●Corporate profits were near record levels in both 2017 and 2018
●Worries that corporate profits may have maxed out have weighed on stocks
It won’t be long before the first earnings of the new year start rolling in (the Q4 2018 performance numbers, that is), which will likely reignite a discussion that started gaining traction in the last few months of 2018: Have earnings peaked?
2017 and 2018 were both banner years for US corporate earnings, which were widely credited with an assist in 2017’s bull run in stocks. Still-strong earnings numbers didn’t keep the market humming to the upside throughout 2018, and although bearish factors such as trade wars, political dysfunction, interest rates—and plain-old price exhaustion—have to be given proper credit, one hypothesis that emerged last year was that after such a great run of corporate profitability, things were about as good as they were going to get on that front.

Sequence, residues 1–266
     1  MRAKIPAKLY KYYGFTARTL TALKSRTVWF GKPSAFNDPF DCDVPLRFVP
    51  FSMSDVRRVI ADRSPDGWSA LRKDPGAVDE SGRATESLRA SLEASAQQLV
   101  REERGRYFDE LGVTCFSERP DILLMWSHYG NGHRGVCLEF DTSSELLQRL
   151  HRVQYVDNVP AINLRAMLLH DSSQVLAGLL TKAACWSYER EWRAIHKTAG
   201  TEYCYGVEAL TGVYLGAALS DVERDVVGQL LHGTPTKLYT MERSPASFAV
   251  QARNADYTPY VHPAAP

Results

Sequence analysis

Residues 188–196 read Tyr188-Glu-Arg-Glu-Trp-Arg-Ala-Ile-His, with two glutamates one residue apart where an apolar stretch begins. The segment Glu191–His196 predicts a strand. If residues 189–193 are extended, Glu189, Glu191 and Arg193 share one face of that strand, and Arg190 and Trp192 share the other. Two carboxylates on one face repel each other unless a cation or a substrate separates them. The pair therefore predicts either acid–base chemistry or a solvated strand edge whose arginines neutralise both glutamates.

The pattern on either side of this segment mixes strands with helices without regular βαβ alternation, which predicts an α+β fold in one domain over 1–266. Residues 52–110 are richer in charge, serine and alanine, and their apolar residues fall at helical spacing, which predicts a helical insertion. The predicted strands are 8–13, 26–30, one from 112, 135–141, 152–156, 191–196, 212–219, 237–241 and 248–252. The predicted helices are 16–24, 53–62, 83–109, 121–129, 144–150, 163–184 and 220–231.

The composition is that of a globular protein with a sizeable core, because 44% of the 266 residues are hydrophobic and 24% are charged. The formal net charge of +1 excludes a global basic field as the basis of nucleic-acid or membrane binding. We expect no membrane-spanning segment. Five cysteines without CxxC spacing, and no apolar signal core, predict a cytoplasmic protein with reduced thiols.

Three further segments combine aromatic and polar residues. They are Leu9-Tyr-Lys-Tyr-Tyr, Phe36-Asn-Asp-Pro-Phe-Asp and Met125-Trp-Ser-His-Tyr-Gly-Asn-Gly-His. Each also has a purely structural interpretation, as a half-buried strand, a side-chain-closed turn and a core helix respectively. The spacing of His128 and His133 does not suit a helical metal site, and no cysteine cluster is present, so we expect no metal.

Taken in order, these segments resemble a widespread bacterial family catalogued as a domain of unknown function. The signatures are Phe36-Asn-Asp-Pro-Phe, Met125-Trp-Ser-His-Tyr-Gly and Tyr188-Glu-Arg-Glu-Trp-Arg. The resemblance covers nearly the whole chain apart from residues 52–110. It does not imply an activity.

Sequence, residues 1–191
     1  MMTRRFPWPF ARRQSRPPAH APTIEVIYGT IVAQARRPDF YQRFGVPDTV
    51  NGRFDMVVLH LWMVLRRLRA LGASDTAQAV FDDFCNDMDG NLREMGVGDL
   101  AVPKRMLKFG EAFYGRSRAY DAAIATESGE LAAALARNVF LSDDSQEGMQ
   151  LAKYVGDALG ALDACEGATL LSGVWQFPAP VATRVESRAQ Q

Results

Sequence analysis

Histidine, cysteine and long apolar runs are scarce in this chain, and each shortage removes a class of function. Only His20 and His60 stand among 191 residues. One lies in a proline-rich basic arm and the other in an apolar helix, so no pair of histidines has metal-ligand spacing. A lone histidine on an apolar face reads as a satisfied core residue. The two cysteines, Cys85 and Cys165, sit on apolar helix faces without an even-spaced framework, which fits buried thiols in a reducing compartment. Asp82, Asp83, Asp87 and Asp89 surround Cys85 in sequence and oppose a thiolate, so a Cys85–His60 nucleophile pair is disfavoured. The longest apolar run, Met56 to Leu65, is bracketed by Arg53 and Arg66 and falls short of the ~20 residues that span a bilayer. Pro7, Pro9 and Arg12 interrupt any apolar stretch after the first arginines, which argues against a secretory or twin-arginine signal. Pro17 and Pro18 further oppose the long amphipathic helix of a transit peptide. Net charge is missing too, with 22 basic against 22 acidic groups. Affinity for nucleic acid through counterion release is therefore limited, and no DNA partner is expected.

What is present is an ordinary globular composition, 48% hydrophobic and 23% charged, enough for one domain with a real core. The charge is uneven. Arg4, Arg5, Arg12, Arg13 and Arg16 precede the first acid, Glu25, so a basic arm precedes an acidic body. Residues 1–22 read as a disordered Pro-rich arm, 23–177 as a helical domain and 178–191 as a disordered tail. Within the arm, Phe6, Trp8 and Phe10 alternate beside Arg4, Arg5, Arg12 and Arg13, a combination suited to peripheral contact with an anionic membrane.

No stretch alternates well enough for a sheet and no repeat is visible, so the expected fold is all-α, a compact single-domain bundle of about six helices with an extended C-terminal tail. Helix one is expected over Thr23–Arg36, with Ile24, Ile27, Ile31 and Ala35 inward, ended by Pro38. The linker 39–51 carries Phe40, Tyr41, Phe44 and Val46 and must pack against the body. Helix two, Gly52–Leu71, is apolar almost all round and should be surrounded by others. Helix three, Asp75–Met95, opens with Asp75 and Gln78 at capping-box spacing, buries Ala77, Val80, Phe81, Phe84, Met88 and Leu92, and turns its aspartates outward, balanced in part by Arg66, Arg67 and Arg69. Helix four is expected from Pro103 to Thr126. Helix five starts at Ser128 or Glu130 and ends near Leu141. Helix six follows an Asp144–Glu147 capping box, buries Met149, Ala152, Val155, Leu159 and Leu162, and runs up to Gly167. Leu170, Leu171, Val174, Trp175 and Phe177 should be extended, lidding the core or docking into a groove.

Source: Source: US. Bureau of Economic Analysis (www.bea.gov)
One argument is that last year’s tax cuts (and deregulatory moves) were one-offs. Because they won’t be able to provide a similar boost this year, future earnings numbers are unlikely to wow as much as 2017’s and 2018’s did, even if they’re still good.
In a stock market perceived by many to be a bit of a hot mess, big earnings misses—especially by high-profile companies, and especially early in the upcoming reporting season—could trigger volatile market moves.
But if those numbers surprise to the upside…
Stay on top of that reporting calendar!
1 CNBC.com. Corporate profits are reaching their peak and history shows that’s bad news for the stock market. 11/5/18.